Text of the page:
Heading into the off-season then, the Flames would now have added somewhere between two and four forward prospects, at least two that play center, as well as perhaps a goaltender and a pair of defensive prospects. These would join the current crop of prospects that include Max Reinhart, Mark Jankowski, John Gaudreau, Tyler Wotherspoon, Michael Ferland, Markus Granlund, Joni Ortio, Laurent Brossoit, Ryan Culkin, Patrick Sieloff and others.

The current prospect depth chart of the Flames is deep at center, but lacks any guaranteed first line prospect. Jankowski is still considered a high-risk, high-reward player-type and that is the exact opposite of a guarantee. The most glaring weakness in the Flames developmental system is on the right-wing. This has been, and will continue to be, addressed at the draft over the long-term, but for the short-term will be filled through free-agency.

Free-Agency in the Summer of 2013

I suspect that Baertschi will be ready to graduate to the NHL after one season in the AHL and therefore the left-wing position would be more or less set with Tanguay, Glencross, Baertschi and Jones.

The right-wing position will consist of Cammalleri, Hudler, Stempniak, Jackman and Horak.

Advertisement - Continue Reading Below

The temptation to trade Tanguay exists, however, at his age and with his cap restrictions I doubt that the market is there. And at this stage his veteran presence on the roster is more valuable than the modest draft pick the team is likely to receive in exchange.

I would pursue Boyd Gordon, or a comparable depth player, for the fourth-line center spot, offering a two-year deal for no more than $2 million a year, no clauses or restrictions. This means the Flames centers going into the 2013-2014 season are Gomez, Cervenka (more in a minute), Backlund, and Gordon (or equivalent).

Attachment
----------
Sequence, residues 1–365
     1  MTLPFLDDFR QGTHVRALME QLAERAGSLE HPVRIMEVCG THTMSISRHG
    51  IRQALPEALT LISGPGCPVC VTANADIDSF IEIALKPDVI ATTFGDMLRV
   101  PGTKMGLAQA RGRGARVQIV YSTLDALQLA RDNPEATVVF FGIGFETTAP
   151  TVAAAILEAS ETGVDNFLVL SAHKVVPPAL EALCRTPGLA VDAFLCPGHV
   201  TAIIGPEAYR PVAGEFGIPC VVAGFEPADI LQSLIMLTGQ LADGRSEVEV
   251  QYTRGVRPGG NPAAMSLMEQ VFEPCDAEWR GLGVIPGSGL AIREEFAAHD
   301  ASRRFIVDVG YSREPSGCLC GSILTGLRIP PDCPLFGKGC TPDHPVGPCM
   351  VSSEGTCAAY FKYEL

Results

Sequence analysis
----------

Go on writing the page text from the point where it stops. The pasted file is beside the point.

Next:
On defense I would pursue Rob Scuderi as a free agent. Contract terms would be three years at no more than $4 million a season. No clauses or restrictions. Failing that, Mark Fistric, if available, for as much as $3.5 million a season over three years. For him I would offer a limited NTC that would be in effect for the first two years of the contract and expire in November of the final year. I feel that he may be a more hotly-contested defensive asset on the open market, hence the contractual incentive.

I realize these numbers may seem low, and I am open to the possibility that they may very well need to be higher. However, coming out of the last lockout, despite a significant rollback, salaries immediately came down for many free-agents before skyrocketing back up. I am anticipating something similar occurring this time and thus need to capitalize on the depressed prices. For the purposes of this exercise let us assume that it is Scuderi who signs.

You may have noticed that I have not mentioned Roman Cervenka in the re-signings. I am still unsure as to whether he will be a fit for the NHL and it is simply too difficult to predict anything about him at this time. If he performs well (50+ point pace) in the 2012-2013 season, then a new contract will be forthcoming. I would limit it to a maximum of two years in the range of $3 million, depending on performance, and with no clauses or restrictions.

Advertisement - Continue Reading Below

If Cervenka struggles and his point totals do not exceed my benchmark, then depending on the nature of those struggles, he could be re-signed (assuming he is interested) to another one-year contract, and play behind Backlund as a 3rd line center. If he is unfit to return for another season then Backlund will, by this time, have likely earned a chance to play on the 2nd line. In that event, a 3rd line center can be found via free-agency. An Eric Belanger range player who can, historically, contribute modest offense and play the penalty kill is all that is required at this time.

There is a great deal of uncertainty about how this season will affect Cervenka and what the repercussions may be for any potential NHL career. However, for the sake of this exercise, I am giving him the benefit of the doubt that he can become, at least for two more years, a serviceable center on a relatively weak team.